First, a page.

TOKYO — Some 20 billion yen ($199 million) in social impact bonds will be issued by the government-affiliated Japan International Cooperation Agency as early as September, a move that could give momentum in the country to socially conscious investment.
So-called ESG investing — a strategy focusing on environmental, social and corporate governance issues — has taken off in the U.S. and Europe. ESG investment worldwide is said to be in the tens of trillions of dollars.
The International Capital Market Association, an industry group comprising major global financial institutions, set out guidelines for social bonds in June, and the JICA bonds will be the first in Japan to adhere to the rules.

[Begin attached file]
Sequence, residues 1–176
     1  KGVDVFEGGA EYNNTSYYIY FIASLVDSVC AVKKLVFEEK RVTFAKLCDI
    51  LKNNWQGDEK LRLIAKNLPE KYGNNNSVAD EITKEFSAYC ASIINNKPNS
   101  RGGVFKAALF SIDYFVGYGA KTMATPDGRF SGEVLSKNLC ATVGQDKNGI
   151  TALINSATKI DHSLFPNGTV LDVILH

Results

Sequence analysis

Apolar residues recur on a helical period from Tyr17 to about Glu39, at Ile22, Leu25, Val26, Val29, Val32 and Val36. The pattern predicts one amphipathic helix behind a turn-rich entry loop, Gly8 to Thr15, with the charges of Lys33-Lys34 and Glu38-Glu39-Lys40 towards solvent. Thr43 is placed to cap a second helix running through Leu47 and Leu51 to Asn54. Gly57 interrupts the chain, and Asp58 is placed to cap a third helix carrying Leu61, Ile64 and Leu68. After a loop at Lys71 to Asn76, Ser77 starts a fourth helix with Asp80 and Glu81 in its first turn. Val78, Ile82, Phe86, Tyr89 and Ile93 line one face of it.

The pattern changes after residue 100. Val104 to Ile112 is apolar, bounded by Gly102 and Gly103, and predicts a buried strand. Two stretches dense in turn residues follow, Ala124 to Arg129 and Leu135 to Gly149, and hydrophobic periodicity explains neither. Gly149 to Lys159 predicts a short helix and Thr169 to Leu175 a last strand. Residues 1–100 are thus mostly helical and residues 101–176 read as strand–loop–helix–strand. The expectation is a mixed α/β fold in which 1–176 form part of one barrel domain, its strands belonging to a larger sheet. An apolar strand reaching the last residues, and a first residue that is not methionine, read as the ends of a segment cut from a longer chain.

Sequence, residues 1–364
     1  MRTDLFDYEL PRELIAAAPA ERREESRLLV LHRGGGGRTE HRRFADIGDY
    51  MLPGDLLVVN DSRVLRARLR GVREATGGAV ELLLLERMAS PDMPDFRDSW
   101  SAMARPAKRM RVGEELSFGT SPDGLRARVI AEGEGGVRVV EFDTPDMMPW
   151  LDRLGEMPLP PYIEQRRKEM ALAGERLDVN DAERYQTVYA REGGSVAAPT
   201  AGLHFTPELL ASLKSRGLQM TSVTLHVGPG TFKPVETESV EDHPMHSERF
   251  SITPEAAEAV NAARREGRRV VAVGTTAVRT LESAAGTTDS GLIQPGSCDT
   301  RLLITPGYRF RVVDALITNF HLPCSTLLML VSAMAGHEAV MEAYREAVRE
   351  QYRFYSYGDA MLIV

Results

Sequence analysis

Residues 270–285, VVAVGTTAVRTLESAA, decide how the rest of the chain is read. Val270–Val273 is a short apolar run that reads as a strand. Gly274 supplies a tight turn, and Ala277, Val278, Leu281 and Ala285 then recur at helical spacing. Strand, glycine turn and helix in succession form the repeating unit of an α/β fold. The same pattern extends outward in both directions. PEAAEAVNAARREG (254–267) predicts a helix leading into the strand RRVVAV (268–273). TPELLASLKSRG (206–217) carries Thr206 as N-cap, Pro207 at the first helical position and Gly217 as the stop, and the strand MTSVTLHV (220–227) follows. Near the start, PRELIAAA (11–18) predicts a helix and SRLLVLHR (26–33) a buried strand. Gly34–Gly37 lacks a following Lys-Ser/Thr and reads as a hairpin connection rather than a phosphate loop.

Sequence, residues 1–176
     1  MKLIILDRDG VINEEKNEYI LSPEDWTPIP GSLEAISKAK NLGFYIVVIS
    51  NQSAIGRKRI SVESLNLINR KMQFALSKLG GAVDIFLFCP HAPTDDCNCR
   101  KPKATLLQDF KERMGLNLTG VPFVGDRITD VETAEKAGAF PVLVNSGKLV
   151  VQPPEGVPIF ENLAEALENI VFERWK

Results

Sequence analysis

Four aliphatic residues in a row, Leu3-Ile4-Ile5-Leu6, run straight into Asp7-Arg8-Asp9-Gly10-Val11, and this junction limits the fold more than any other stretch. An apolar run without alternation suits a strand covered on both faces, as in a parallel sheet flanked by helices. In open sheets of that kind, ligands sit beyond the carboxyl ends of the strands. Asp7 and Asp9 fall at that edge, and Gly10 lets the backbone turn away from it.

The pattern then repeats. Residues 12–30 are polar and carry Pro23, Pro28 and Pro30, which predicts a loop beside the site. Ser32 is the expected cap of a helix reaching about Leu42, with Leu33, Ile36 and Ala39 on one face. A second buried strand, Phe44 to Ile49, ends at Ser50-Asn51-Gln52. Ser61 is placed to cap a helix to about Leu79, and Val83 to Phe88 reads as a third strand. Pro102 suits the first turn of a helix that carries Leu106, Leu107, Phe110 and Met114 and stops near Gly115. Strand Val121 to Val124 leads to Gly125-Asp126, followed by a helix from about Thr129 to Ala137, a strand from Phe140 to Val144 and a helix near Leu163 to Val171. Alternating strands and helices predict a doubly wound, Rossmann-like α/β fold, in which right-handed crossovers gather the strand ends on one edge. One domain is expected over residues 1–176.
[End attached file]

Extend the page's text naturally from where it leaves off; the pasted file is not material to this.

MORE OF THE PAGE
JICA is close to obtaining certification from a third-party think tank that its upcoming offering meets these conditions. The money raised will be used to help fund projects in developing countries, such as ones in Myanmar’s Thilawa Special Economic Zone and geothermal power facilities in Kenya.
The yen-denominated offering will consist of two 10 billion yen tranches with maturities of 10 years and 20 to 30 years. Nomura Securities, Daiwa Securities and Mitsubishi UFJ Morgan Stanley Securities will be among the lead managers. The bonds will be sold to insurers and other domestic institutional investors.
ESG investing is catching on in Japan, with the massive Government Pension Investment Fund among those adopting the strategy. Investors are expected to favor bonds with the sort of seal of approval sought by JICA, likely encouraging capital to flow into infrastructure construction and similar projects.